Still, there were adventures to be had and mistakes to be made.

            I always felt, as a gay man who came out at twenty that I was years behind my straight friends. It’s a running joke amongst my friends that gay men in their early twenties run around like girls do in their teenage years. They’ve got a lot of catching up to do.

            We can be shouty, brilliant, gorgeous, arrogant, silly, bullish, proud, angry, joyful, depressed, manic, crazy, addled, unwise, confused, messy, destructive, superficial, wild, marvelous.
            Sometimes all in the space of one night.

            But what queers of this particular generation are – the ones who grew up in the shadow of things like Clause 28 and all that weighty, embarrassed silence – is neglected. That’s what I think we are. We grew up and we had to figure out everything for ourselves.

            By the time a LGBTQ person finds their first significant lover and has those big conversations and shares their backstory with each other… there is a lot of backstory to share. They are the product of a culture that has willfully ignored them. A culture predominantly straight, and a culture that saturates all available space with explicit heterosexual imagery everywhere you look. (Strange, all this brainwashing. You’d think the predominance of heterosexual stuff would turn us, wouldn’t you? All that aggressive promotion, eh? Surely it’s going to turn our heads and turn us straight..? Is that how this stuff works, hmm?)

            So I always think: hurray. Good for you. Especially for the LGBTQ adults who grew up in those dark years when their schools didn’t teach them anything and wouldn’t listen to them. Good for you. You dragged yourself up and you got into the world and survived.
            Many didn’t.

            This kind of neglect can destroy lives and foster homophobia.
            And there can be no going back.
            We must never let bigots, homophobes and their dopey, backward ideas creep back into education. They can do terrible damage to people’s lives.

            There’s nothing wrong or shameful or dirty about the L or the G or the B or the T or the Q or any of the other stripes we’ve added to the flag we’re waving. We’re equivalent and we’re equal to everyone else.

Hearing bigots spouting off about education sends shivers through me. The very thought that the government or local councils or schools might cave in and kowtow to ignorant people’s ideas about what should be taught brings back awful memories of the things we had to put up with.

            I love the fact that there is a course called ‘No Outsiders’ in that Birmingham school, and it places everyone on equal footing, and that pupils will learn that human nature is more complex and wonderful than religious bigots would like them to think. It sounds such a kind and thoughtful course, too.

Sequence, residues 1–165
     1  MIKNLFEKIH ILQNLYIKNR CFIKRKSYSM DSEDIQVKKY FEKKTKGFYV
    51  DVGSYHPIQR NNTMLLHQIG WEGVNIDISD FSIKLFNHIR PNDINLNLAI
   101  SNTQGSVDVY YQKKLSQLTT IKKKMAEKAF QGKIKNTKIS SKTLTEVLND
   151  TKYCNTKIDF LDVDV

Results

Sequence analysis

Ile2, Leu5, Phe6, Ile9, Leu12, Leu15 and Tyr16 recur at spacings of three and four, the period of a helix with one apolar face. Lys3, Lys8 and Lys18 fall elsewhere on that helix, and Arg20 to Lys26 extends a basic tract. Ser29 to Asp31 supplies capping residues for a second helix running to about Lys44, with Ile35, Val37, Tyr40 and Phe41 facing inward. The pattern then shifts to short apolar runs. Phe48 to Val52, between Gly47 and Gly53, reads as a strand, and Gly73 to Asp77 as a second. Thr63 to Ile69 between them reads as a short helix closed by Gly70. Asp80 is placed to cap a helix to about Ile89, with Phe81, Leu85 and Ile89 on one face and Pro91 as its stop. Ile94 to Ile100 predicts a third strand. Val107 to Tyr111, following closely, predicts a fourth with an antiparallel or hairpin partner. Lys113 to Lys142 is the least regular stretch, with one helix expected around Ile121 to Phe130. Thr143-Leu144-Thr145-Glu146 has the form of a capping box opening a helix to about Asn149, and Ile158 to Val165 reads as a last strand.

I think it’s important to demystify these things. We grew up in such fear of the unknown. As LGBTQ kids of the 1980s we felt we were part of the terrifying unknown ourselves.

            We can’t go backwards into this ignorant stuff. We can’t indulge bigotry. People must be told: no. This is the curriculum now, in any civilized society.

            I had a great education – in terms of thinking for myself, and being trained to question authority, cant, dogma and received wisdom. But there were huge things missing from it. The great big Queer elephant in the room sat there waiting. All that has been addressed and sorted out since, thank goodness and we have courses called things like ‘No Outsiders’.

No matter how shrill or fervent the bullies are, we really, really can’t go backwards.

Tuesday, 5 March 2019

Two More Bernard Socks Poems

Socks is a Good Cat

All the neighbours’ cats drink gin
It’s true
They say it’s neat gin
They drink it sloe
Call it gourmet
Think themselves fancy
They’re still pie-eyed
By sunrise

All the neighbours’ cats smoke fags
That’s them, puffing away
In the undergrowth
Tabbing their heads off
Stinking their paws up
Coughing like mad
How do they manage to inhale?
Or strike matches?
But they do

All the neighbours’ cats commit murder
Without blinking

All the neighbours’ cats get sexy
It’s revolting!
Everyone’s wriggling and giggling
Spraggling and waggling
Bums in the air!
Everyone’s shagging and gagging like mad
Boys and boys and girls and girls
Especially the ambiguously gendered!
They’re the worst of the lot!
They’re all mad for it round here
Really, I’m quite shocked
Most of the time

But not me
I am a good cat
I am the best cat in the world
You know me

Butter wouldn’t melt
On my cold wet nose

Bernard Socks Has a Quiet Day

My usual palaver is on hold
All the scritching
All the scratching
And the bombing about

Don’t worry about me
I’ll be curled up in a ball somewhere

I’m only dreaming
About exploring other lands
Conquering worlds and
Coming up with the wildest schemes
Every idea I have
Would amaze you

But today’s plans are quiet ones
I’m having a quiet day

Maybe back about five?